Monday, September 12, 2011

All Josey, No Pussycats

Film: The Outlaw Josey Wales
Format: DVD from personal collection on big ol’ television.

Clint Eastwood is almost certainly one of the top five actors associated with the Western. It doesn’t matter how many films he made as Harry Callahan, Eastwood simply looks right wearing a duster or serape and toting a couple of six guns. While Eastwood is a pretty celebrated actor, he’s a lot better (my opinion) behind the camera. He comes into his own when he does both. He’s directed a surprising number of films for a guy who most people (at least my age) still think of primarily as an actor. Of those 30+ films, five track as Westerns. Of these, Unforgiven is almost certainly his best. High Plains Drifter is the one most beholden to his past. But The Outlaw Josey Wales is perhaps the most quintessentially Eastwood.

The plot, as is the case with most Westerns, is incredibly simple. Josey Wales (Eastwood) is a Missouri farmer content to work on his land. His wife and child are killed by pro-Union guerrillas from Kansas. He signs up with pro-Confederate forces and is led by a man named Fletcher (John Vernon, immediately recognizable by his deep, resonant voice). At the end of the war, all of Fletcher’s men save Wales surrender, and are then gunned down by the Union forces, led by Terrill (Bill McKinney). Wales goes on the run, looking for something, pursued by the Union, who brand him a killer and outlaw.

As a film, or as a story, The Outlaw Josey Wales leaves a lot to be desired. It is, like it or not, riddled with clichés. For instance, shortly after the massacre of Fletcher’s men, Wales rides off with Jamie, who survived the slaughter, but is badly wounded. Jamie and Wales run into trouble a couple of times and save each other, but Jamie isn’t going to make it to the end of the film; this is obvious, since he was shot through the chest. The moment that Jamie says that he no longer fears dying, well, he’s going to die. In fact, that’s his last line. The next time we see him, he’s a corpse. This should shock no one. (Don’t worry—it’s not a spoiler. It happens in the first third or so of the film.)

So, the story itself is pretty simple, and it’s not that hard to tell five minutes ahead of time what is going to happen. You know there’s going to be a showdown between Wales and Terrill at some point, and it’s not difficult to figure how it’s going to come out. You know that Wales is always going to outdraw the men who hunt him, because you’re not going to lose your star with an hour left in the film.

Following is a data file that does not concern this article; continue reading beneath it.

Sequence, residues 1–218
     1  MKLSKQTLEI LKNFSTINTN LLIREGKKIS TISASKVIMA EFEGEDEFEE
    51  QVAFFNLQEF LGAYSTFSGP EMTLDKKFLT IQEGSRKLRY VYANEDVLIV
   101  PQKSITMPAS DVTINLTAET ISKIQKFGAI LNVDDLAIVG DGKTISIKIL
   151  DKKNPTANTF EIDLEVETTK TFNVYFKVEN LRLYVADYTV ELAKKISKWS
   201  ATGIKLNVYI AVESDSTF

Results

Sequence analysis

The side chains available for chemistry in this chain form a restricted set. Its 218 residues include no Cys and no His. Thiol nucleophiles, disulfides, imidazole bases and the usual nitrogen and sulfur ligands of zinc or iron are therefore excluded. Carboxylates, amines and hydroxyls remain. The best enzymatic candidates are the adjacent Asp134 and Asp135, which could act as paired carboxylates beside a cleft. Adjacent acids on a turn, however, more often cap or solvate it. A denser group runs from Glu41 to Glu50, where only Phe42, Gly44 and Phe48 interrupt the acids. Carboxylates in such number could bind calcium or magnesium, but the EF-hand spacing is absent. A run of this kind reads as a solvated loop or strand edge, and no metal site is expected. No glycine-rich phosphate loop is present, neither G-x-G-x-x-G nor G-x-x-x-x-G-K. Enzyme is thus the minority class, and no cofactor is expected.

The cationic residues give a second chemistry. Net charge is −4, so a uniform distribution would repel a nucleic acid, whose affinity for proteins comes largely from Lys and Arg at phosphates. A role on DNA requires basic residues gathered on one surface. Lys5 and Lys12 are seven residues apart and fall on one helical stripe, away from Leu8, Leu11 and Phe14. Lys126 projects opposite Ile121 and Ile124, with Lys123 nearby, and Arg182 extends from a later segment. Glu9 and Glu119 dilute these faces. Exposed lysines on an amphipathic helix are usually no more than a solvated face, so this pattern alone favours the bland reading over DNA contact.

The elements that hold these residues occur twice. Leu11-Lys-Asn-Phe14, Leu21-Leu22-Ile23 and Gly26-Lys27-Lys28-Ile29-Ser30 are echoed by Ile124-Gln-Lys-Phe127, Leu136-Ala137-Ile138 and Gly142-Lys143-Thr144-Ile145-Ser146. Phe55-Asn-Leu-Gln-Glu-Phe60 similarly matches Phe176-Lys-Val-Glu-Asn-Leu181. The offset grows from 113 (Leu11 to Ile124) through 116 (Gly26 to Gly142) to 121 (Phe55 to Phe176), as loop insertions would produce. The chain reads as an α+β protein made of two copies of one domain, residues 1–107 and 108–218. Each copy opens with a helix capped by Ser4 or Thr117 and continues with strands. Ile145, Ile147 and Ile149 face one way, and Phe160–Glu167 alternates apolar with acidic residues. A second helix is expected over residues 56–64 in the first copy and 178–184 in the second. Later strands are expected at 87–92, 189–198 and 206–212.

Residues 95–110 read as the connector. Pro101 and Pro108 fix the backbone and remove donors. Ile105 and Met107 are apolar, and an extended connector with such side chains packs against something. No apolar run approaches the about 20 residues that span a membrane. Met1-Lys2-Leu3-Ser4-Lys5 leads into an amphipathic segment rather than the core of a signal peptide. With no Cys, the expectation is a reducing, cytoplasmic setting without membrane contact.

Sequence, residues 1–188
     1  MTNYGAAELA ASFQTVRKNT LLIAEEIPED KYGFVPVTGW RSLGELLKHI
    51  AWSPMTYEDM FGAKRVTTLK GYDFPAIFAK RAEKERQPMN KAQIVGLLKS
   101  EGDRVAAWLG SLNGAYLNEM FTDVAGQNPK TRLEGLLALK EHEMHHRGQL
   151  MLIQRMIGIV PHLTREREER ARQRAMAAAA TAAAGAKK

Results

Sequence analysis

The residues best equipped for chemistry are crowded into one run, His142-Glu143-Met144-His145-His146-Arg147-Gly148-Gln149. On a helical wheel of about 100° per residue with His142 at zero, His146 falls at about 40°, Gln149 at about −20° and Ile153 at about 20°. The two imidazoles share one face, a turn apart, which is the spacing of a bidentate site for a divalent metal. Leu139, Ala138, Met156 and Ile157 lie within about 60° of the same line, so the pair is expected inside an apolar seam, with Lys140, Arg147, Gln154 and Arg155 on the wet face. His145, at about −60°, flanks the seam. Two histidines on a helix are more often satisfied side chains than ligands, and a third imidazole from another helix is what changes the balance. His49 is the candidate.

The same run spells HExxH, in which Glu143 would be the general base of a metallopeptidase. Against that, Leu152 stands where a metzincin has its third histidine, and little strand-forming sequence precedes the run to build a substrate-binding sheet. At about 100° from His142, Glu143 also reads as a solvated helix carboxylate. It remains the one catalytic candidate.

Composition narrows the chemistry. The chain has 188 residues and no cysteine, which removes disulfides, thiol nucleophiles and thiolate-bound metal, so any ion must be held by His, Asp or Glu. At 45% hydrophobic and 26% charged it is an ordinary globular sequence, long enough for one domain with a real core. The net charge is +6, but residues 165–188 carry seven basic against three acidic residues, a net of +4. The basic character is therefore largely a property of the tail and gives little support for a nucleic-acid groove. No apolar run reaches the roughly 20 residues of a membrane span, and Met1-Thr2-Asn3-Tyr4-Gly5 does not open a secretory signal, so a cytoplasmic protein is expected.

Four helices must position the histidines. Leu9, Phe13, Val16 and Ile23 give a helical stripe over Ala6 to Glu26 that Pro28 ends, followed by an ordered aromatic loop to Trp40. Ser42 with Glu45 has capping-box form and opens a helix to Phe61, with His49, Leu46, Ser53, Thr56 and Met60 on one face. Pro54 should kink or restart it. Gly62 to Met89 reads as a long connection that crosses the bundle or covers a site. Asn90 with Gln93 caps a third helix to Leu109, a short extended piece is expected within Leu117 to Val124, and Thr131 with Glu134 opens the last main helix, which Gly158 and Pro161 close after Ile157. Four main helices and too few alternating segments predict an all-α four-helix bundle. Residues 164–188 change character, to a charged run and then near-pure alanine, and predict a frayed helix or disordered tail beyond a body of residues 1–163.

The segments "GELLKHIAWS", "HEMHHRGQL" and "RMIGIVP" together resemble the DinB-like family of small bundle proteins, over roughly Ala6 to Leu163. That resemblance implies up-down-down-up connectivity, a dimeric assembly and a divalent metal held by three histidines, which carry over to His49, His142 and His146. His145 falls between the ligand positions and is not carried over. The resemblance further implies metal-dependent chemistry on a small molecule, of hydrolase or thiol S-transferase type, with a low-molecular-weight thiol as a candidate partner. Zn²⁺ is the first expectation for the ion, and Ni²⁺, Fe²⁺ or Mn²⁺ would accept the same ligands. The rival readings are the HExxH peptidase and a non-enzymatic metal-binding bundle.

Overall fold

Fortunately, this film is filled with joys beyond the plot. There’s plenty going on here that make this film worth the time.

First are the excellent portrayals of the characters. Eastwood is the most as-you-imagine-him Clint Eastwood probably ever. This is a role that he inhabits, and one that would not have been possible without the No-Name Trilogy directed by Leone or even his own earlier High Plains Drifter. Eastwood is able to sink himself into this role to a point of believability that never breaks or even cracks. Other roles and other films of his might well be better, but he was never better at portraying a character.

Similarly, Chief Dan George as Lone Watie is one of the great Western characters ever created. He is (and this is the sort of thing that is rare in Hollywood) a realistic native character. He doesn’t particularly have a great deal of wisdom, but he’s willing to share what he does have. He’s always interesting to watch on screen. This attempt at an accurate portrayal of both Native Americans and the treatment of the same is something really special about this film as well. From my own experience, only Dead Man does the same thing. Other films tend to depict Native Americans either as savages or as spiritual gurus capable of tapping into an inherent one-ness with the universe. Lone Watie is neither; he’s just a guy trying to get to Mexico.

Where the film bogs down for me is when Wales and Lone Watie get involved with a group of settlers moving to Texas. I understand the necessity of this for the character arc—Wales is tired of the violence and the running and would like to settle down, preferably with Laura Lee (Sondra Locke), but is still being pursued. But it feels forced, like he’s doing this for the necessity of the plot rather than the necessity of the character.

Still, despite its faults and shortcomings, The Outlaw Josey Wales is one of the true classics of the Western genre. In this film, Eastwood manages to both reference the works of John Ford, Sergio Leone, and Sam Peckinpah and also to transcend them in real ways.

Why to watch The Outlaw Josey Wales: It’s quintessential Eastwood, both acting and directing.
Why not to watch: You can tell what’s going to happen five minutes before it does.

4 comments:

  1. Love this movie, like most of Eastwood's work. I agree that Unforgiven is one of his best, in my top 50, definitely.

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  2. I think Unforgiven is not only Eastwood's best, but likely the best in the Western genre. But this one feels truly authentic, like it's a sort of distillation of everything the Western was and everything it would become.

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  3. I've been looking forward to this, mainly because of Eastwood.

    Just wish I loved the Western genre more.

    Nice review Steve.

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  4. Y'know, you just have to sort of take them as they are. It's not one of my favorite genres, either, but a good Western is still a good movie.

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